September 2011 Migrants
Fall migration starts in the summer for some birds, and really gets rolling in September and October. My first burst of migrants was in our own backyard, highlighted by this Ruby-throated Hummingbird. It was attracted to our flowers and feeder, as it fattened up for its eventual 500 mile non-stop flight over the Gulf of Mexico to Central or South America. The Ruby-throated is the only species of hummingbird that regularly nests east of the Mississippi River.
Seeing bird pairs (male and female) together, like these Black-throated Blue Warblers, is always a treat.
The American Redstart is another warbler pair that frequents Northeast Florida The breeding male has distinctive jet black, red-orange, yellow and white markings.
The female has brightly colored yellow markings. Both birds flash their tails on and off frequently to startle and chase insects.
Cradle Creek Preserve
This preserve on the marsh is only five minutes from our house in Jacksonville Beach. In addition to several Osprey nests, it has owls, hawks, woodpeckers, vultures, and marsh waders. It also has its share of seasonal migratory birds. I found this pair of Black and White Warblers near the entrance, creeping along the tree trunks and branches foraging for food.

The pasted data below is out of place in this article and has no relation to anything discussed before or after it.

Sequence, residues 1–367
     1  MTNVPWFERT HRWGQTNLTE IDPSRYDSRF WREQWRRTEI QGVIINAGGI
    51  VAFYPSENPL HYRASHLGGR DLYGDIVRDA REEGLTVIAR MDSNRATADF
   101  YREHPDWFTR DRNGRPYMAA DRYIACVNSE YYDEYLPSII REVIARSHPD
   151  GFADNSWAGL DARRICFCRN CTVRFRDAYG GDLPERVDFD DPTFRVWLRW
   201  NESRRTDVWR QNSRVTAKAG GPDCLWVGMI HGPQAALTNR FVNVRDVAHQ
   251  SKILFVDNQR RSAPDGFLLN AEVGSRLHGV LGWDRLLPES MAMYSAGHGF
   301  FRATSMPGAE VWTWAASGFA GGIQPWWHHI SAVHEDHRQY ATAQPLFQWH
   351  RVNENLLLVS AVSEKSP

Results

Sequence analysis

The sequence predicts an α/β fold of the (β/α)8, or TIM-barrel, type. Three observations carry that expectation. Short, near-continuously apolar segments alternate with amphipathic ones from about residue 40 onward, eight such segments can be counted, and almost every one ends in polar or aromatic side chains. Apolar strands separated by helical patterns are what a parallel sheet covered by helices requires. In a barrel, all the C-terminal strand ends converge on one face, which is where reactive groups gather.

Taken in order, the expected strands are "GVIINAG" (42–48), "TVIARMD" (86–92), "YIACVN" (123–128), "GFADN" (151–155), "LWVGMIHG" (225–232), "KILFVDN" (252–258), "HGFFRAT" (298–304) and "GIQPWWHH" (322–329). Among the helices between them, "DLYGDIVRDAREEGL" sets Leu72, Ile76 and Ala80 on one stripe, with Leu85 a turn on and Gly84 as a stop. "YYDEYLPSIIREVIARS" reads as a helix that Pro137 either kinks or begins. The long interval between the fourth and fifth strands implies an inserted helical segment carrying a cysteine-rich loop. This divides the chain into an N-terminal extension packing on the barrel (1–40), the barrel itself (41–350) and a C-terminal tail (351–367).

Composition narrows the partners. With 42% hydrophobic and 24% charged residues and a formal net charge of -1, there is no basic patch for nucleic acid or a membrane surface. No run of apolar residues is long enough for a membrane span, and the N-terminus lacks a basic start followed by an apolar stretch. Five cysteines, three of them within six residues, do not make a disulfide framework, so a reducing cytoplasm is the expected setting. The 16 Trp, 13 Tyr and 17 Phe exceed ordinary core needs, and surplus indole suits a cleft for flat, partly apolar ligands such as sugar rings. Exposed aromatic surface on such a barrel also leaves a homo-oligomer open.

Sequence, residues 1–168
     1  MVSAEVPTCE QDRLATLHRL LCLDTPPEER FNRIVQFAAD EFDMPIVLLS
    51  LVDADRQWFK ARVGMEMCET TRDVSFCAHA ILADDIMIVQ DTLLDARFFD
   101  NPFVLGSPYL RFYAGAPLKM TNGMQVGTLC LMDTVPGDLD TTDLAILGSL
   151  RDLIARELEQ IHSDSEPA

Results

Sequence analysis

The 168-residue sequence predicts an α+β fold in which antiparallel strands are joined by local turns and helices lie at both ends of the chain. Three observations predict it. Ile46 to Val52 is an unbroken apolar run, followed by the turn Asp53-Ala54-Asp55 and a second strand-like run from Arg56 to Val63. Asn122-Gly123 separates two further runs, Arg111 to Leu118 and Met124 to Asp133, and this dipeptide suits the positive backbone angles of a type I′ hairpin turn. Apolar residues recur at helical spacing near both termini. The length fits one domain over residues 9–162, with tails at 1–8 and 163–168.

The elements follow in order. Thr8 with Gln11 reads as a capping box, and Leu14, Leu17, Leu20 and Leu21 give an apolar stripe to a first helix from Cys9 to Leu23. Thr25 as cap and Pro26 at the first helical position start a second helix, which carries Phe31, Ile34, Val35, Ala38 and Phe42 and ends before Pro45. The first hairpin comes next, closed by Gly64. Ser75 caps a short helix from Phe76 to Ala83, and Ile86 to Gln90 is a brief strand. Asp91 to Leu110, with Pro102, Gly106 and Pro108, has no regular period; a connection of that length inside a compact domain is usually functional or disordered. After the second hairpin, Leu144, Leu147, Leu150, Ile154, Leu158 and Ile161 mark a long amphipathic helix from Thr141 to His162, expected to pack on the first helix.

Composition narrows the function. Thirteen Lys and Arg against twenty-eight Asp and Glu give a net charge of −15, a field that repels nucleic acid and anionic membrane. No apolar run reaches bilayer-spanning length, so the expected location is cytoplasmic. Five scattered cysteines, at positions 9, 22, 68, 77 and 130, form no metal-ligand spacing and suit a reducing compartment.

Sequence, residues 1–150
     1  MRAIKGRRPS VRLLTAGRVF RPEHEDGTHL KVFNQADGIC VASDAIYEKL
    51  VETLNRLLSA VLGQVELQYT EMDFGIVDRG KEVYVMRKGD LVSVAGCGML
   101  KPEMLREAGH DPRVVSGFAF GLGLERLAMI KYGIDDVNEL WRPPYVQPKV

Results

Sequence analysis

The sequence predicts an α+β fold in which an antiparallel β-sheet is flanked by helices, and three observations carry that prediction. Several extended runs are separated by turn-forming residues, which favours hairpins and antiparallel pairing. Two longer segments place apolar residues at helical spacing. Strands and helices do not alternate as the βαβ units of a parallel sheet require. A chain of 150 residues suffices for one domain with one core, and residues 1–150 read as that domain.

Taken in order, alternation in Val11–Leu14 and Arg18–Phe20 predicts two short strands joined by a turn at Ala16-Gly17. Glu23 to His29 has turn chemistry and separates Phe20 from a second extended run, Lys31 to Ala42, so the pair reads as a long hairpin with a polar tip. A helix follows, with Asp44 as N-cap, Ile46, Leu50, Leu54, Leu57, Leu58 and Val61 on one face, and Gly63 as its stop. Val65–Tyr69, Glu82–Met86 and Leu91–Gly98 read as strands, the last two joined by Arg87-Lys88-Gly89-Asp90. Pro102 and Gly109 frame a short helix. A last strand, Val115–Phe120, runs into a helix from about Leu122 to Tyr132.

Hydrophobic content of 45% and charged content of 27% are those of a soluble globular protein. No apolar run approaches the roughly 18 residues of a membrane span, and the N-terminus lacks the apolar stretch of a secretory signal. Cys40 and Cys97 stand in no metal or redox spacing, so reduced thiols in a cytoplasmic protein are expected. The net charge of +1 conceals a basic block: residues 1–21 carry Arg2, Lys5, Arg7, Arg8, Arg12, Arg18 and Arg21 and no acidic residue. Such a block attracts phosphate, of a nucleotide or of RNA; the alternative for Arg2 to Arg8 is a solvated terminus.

About a year earlier I ran into our postman, Gary Berretta, while birding at Cradle Creek. I found out that he does nature photography in his spare time and he put me on to Art Morris (Birds as Art), a world-class bird photographer who lives in south Florida. Gary also shared some of his favorite websites for learning about bird photography, which was a big help.
This small park in Atlantic Beach, Florida probably has more birds per acre than any place I bird around Jacksonville. Its varied habitat is well maintained and easy to navigate. I started birding there near the end of September and my first bird was a “lifer”, the Yellow-billed Cuckoo, another migrant.
The park also has its resident birds which include the common backyard species, owls, woodpeckers, waders, and hawks. This Red-shouldered Hawk remained on its perch for some time before flying off.
Finally, an apparent park resident during the summer, this Eastern Wood-Pewee (a “flycatcher”) is often seen “hawking” insects from its perch.
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Phil Graham–Photo Naturalist
NEXT POST September 2011 – Dancing Egrets, Hawk, Heron and Shrike!
“Come to the woods, for here is rest. There is no repose like that of green deep woods.” –John Muir